When In Doubt, Go To The Library: Hermione Granger And The Magic Of Knowledge

A love letter to one of the greats.

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“My best friend’s Muggle-born. She’s the best in our class.” -- Harry Potter

“What, leave Hermione? We wouldn’t last two days without her. Don’t tell her I said that.” -- Ronald Weasley

After Hermione petrifies poor Neville Longbottom in the name of keeping the sorcerer’s stone out of the wrong hands, Ron turns to her and says, “You’re a little bit scary sometimes, do you know that? Brilliant. But scary.”

She is, too. Hermione Jean Granger is compassionate and wise, loyal beyond measure. But she’s also terrifying, because that much knowledge in the hands of any one person is bound to intimidate.

She is blessed with incomparable intelligence, but her heroism is otherwise hard-won. Hermione is that controversial thing in the wizarding world, controversial thanks only to bigots like Voldemort and the Malfoys: a Muggle-born witch. She’s called a Mudblood by the worst of them, a heinous slur that only deepens her resolve to outshine them all with her cleverness. It’s not that she doesn’t feel keenly the pang of this prejudice, telling Harry, “It’s not a term one usually hears in civilized company,” but she never stoops to their level -- except once, perhaps, when she hauls off and slugs the smirk off Draco Malfoy’s face.

Hermione was not born to a powerful wizarding family like Harry, or well-respected Ministry of Magic officials like Ron. Mr. and Mrs. Granger are dentists. Hermione had no access to magical knowledge until her eleventh birthday, when she learned by owl that she would be attending one of the greatest magical schools on Earth. But that didn’t stop her from tackling her new education the way she tackles everything: with determination, tireless effort and indefatigable research.

In many ways, Hermione is the opposite of Harry. She wasn’t chosen to do anything. From his first day on Hogwarts campus, Harry is expected to do great things. Hermione, as a Muggle-born, is doubted -- until she very shortly makes it impossible for anyone to doubt she can do anything. She had an unremarkable childhood and has an unremarkable history. She is remarkable only in her remarkable mind. She forms her own destiny, choosing rather than being chosen.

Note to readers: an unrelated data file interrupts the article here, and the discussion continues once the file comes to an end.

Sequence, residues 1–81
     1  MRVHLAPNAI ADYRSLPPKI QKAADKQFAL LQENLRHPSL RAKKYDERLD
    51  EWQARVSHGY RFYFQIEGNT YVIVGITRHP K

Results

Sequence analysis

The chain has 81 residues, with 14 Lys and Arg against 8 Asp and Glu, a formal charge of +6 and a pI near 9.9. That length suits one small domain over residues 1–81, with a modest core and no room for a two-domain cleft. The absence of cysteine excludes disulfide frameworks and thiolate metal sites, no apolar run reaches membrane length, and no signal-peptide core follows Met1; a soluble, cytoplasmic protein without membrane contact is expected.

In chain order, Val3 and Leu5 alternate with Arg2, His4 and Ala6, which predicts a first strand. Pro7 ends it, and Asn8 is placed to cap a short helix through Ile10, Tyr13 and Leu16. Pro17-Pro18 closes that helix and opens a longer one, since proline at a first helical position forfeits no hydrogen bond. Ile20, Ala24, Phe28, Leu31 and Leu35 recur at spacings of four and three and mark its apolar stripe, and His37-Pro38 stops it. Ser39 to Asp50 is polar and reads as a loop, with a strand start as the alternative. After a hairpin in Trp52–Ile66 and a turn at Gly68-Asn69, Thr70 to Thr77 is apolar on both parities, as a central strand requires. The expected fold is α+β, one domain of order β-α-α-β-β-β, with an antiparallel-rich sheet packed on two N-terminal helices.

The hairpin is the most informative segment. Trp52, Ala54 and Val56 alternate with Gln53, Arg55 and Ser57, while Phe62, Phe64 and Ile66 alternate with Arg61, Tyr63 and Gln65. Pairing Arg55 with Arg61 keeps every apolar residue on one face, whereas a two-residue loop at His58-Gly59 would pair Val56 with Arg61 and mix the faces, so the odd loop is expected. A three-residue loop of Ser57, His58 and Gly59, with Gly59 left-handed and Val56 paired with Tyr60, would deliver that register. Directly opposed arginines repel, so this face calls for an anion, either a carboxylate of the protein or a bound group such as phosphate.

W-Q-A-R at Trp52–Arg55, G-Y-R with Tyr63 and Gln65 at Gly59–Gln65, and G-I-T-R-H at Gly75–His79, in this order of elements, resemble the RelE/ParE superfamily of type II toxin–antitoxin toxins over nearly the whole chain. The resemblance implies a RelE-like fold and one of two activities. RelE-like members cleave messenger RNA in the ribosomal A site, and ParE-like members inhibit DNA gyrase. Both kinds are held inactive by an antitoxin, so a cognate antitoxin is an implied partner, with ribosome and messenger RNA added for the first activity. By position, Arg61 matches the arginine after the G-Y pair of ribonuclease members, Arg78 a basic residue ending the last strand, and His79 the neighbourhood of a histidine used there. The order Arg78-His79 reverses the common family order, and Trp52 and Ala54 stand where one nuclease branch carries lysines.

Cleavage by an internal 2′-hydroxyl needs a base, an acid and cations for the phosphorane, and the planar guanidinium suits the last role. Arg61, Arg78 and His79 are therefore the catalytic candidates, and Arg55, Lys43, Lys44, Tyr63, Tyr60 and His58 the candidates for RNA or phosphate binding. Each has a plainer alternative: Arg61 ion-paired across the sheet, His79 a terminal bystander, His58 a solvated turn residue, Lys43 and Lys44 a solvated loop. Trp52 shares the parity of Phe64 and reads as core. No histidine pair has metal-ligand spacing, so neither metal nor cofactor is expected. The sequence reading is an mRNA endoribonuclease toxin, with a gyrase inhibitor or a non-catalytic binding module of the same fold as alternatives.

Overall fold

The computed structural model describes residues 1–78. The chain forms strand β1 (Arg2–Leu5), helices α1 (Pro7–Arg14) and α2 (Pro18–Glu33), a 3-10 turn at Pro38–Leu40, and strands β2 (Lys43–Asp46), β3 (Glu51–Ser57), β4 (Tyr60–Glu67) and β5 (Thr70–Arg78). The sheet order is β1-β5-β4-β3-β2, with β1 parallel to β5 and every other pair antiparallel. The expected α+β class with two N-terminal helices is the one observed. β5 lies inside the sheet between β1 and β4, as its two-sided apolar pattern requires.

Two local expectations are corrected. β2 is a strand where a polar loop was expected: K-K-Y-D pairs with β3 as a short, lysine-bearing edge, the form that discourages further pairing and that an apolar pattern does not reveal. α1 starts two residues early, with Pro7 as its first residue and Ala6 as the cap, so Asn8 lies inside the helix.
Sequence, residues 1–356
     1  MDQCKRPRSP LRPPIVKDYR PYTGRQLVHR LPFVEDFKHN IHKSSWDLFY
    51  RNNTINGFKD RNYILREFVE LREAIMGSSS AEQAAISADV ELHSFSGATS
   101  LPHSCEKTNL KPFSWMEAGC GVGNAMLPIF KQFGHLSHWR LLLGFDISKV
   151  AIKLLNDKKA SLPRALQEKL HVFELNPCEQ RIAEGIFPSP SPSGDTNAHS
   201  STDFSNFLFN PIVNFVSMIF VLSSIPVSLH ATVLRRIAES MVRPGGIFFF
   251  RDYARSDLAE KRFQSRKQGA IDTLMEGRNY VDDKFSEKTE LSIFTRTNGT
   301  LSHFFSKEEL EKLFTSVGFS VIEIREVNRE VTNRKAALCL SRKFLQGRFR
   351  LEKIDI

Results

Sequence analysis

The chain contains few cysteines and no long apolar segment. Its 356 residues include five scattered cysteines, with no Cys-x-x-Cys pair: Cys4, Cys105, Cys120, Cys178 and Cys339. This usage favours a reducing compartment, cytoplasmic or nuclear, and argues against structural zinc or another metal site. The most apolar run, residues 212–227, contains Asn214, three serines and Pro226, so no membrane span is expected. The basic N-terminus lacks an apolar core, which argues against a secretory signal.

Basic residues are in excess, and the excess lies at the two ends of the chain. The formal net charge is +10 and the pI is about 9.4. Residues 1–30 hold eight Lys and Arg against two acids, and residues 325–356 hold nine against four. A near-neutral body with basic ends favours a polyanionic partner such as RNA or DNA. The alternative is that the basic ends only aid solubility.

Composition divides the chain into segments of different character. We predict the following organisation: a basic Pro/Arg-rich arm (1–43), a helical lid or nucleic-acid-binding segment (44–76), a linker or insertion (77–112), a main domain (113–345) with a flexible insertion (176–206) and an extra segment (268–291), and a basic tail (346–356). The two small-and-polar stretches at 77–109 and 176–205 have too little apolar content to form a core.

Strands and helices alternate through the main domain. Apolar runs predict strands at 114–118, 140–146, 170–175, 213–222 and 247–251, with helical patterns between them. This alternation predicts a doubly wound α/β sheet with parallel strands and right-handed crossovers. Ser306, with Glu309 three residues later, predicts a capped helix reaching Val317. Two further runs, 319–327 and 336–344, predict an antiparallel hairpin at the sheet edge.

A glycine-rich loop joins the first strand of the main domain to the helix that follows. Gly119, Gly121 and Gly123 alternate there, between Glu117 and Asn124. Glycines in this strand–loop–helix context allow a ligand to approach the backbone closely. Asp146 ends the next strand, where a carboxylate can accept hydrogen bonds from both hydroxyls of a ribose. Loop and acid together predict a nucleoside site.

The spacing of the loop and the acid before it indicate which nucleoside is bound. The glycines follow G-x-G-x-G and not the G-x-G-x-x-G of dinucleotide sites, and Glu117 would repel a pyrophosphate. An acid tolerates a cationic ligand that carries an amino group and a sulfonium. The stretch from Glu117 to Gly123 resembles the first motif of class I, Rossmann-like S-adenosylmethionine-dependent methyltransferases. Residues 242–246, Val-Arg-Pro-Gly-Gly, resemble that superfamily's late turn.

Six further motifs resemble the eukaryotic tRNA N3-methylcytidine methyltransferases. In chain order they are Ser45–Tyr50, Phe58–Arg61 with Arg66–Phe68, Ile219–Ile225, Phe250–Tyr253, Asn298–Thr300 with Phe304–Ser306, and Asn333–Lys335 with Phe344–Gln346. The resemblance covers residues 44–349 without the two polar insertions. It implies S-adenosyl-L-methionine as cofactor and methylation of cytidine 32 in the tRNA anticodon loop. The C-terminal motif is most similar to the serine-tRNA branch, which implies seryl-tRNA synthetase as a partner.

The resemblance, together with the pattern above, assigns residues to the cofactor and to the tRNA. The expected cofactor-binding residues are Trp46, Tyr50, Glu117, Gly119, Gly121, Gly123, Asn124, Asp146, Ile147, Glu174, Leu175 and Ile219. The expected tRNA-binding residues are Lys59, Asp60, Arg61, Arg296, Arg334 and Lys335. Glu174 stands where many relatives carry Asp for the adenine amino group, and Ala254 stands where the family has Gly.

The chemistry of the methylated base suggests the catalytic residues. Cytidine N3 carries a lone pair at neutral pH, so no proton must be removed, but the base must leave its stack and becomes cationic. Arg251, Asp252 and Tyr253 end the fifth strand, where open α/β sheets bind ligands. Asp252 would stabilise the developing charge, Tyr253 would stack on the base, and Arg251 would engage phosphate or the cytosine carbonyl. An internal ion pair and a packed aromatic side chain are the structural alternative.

On her first day at Hogwarts, she proves herself the brightest and best-informed in her class -- a class filled with students who grew up in the wizarding world, surrounded by magic every day of their lives. Hermione had no such luxury, but rather than rely on that excuse (as Harry himself does on more than one occasion), she throws herself into learning everything she can about her new station in a new world. “I read about it in Hogwarts, A History,” she says for the hundredth time to the boys who will become her best friends. “So I went to the library,” she says for the hundredth time. “Because that’s what Hermione does,” Ron tells Harry. Ron, who knows Hermione best. “When in doubt, go to the library.”

It’s a strategy that serves her well. In every book and film, Hermione Granger saves the day countless times thanks to the near-infinite knowledge she has gained through inexhaustible reading and research. Sure, at first she reads to be the best in class -- she’s an appalling teacher’s pet and a cheerful know-it-all, always the first to shoot her hand up in class and earn Gryffindor some house points. But soon that knowledge is in service of something much more significant, though it takes Hermione herself a while to see that anything could be more significant than schoolwork. (“I’m going to bed before one of you comes up with a plan to get us all killed…or worse, expelled.”)

Soon the vast store of knowledge she carries under that frizzy mane will be used to save the wizarding world, and the world at large, from the deadly maneuverings of The Dark Lord. She uses it to support her best friend again and again, taking what she can of his burden as The Chosen One onto her own slender shoulders. Hermione is always the first to solve every mystery, to puzzle their way out of every fix, protecting them with charms, spelling her handbag so it becomes a bottomless resource of any item they might conceivably need on their journey to meet and kill Voldemort.